Sunday, October 19, 2014

C.P.R No. 1: Countess of Dufferin

Another unannotated photo from the William Henry Wood collection; however, this one has clues that make it a little easier to place than the rest. The lettering on the loco tells that it's C.P.R No. 1, Countess of Dufferin. Wikipedia has a full account of the loco's history, but this snippet explains how this American 4-4-0 wound up in Canada,

The Countess of Dufferin was the first steam locomotive to operate in the Canadian prairie provinces and is named after Hariot Hamilton-Temple-Blackwood, Countess of Dufferin (later Marchioness of Dufferin and Ava), the wife of the Earl of Dufferin, a Governor General of Canada. The locomotive was built by the Baldwin Locomotive Works (builder's plate No. 2660) and delivered to Northern Pacific Railway as No. 21 in 1872. It was used in Minnesota and the Dakota Territory until 1877 when it was sold for $9,700 to Joseph Whitehead, a contractor for Canadian Pacific Railway. The locomotive, along with six flatcars and a caboose, was loaded onto barges at Fisher's Landing, Minnesota, and propelled by the SS Selkirk, they were shipped down the Red River to St. Boniface, now an electoral district of Winnipeg, Manitoba, arriving October 9, 1877, at a cost of $440.
[Mr. Bill Paterson sits atop the loco. From photos, Mr. Paterson was a tall man - likely well over six feet - so you can get an idea of the scale of the machine. From the Winnipeg Railway Museum notes below, these photos were likely shot in the forecourt between the railway depot and the Royal Alexandra Hotel in Winnipeg. Other indications in the collection suggest that these photos were taken in 1944.]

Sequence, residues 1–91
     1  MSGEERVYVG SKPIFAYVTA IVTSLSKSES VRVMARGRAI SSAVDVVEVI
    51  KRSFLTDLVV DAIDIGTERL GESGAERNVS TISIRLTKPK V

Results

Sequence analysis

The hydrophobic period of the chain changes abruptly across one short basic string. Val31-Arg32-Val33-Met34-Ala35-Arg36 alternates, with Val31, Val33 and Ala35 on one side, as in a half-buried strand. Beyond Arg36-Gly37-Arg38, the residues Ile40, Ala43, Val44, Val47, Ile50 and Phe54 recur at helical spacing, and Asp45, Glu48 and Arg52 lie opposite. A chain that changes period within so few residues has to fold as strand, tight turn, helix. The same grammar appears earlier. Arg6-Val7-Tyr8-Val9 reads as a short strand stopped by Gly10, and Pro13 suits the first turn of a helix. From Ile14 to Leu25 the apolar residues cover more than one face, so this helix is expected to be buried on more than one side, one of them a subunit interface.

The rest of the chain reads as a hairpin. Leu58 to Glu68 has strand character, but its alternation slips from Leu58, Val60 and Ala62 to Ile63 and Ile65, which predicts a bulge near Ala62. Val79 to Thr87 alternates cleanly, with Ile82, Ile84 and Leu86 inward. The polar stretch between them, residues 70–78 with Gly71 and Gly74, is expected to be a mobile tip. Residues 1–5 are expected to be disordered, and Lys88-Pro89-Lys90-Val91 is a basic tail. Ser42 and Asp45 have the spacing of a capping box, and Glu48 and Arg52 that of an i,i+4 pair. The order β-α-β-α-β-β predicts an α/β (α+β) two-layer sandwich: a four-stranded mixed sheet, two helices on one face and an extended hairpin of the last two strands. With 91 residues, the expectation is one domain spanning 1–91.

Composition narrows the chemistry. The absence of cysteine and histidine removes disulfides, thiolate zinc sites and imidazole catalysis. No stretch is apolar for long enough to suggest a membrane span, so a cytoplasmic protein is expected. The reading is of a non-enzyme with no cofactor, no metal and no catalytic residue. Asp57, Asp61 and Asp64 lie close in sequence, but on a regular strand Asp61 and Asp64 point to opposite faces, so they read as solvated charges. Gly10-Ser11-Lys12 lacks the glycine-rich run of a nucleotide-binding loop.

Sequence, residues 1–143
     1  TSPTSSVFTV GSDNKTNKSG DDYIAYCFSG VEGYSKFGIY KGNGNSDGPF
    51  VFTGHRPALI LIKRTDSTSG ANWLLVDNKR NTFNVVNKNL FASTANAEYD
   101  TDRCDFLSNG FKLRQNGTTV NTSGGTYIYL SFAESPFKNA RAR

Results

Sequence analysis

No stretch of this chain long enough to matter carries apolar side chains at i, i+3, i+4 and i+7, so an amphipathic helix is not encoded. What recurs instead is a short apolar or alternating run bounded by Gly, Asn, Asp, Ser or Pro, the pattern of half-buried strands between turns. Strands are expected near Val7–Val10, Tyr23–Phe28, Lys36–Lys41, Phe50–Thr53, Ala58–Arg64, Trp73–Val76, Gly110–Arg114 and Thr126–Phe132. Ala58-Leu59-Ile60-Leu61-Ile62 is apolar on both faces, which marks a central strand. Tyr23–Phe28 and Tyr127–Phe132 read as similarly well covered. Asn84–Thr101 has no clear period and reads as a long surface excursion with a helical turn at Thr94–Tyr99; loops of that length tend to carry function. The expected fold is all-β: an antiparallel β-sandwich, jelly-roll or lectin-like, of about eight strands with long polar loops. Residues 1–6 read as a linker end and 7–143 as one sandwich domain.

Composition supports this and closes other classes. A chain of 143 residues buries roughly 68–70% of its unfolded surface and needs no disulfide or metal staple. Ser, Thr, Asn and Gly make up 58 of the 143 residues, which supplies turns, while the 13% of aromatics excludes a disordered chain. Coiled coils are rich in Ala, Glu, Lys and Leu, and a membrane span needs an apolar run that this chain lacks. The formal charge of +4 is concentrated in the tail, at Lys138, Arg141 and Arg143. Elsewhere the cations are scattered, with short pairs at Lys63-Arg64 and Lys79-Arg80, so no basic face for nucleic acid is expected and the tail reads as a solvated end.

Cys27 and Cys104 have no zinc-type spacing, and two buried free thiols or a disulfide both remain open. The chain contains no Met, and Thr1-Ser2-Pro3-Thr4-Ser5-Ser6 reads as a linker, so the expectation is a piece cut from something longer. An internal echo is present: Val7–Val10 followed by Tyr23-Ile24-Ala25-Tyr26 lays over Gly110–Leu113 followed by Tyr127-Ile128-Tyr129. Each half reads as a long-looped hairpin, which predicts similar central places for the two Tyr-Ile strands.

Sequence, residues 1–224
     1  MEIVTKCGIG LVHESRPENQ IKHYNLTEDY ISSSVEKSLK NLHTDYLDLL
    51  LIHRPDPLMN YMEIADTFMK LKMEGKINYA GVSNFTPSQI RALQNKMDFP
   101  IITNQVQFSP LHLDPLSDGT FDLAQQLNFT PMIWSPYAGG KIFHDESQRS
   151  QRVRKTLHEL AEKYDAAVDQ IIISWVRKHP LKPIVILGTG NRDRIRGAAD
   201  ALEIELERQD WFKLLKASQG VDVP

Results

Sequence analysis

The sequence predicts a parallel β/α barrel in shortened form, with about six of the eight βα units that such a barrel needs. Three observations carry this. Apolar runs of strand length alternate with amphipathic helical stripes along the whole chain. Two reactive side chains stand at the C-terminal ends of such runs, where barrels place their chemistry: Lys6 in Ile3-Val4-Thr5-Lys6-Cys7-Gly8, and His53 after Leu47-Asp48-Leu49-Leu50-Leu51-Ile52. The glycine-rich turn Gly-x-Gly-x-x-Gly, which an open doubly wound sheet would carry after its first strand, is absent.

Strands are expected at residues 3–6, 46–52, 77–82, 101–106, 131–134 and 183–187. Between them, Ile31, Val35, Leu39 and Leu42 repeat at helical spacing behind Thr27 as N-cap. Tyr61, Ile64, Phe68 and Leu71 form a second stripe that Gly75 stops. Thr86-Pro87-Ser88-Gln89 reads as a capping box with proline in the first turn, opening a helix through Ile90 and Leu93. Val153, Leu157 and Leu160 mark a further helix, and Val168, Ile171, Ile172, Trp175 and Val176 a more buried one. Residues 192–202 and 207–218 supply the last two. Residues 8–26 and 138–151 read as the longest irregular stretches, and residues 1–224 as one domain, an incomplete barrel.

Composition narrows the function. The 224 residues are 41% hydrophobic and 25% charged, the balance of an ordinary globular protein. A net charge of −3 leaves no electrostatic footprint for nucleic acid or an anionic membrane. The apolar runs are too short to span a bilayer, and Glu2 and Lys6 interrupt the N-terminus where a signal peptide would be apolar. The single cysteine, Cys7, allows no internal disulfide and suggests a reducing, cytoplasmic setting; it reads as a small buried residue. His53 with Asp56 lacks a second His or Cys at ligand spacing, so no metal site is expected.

The Winnipeg Railway Museum explains what happened to the loco when its service years were over,

The reassembled locomotive [JDL: turns out it was "found by accident in 1909 disassembled in the yards of the Columbia River Lumber Company" - follow the museum link for the full story] was placed in Sir William Whyte Park across from the CPR depot on Higgins Ave. in 1910, later to be dressed up with flower planters, etc., until 1944. She was then moved across the street to a small forecourt between the Depot and the Royal Alexandra Hotel.

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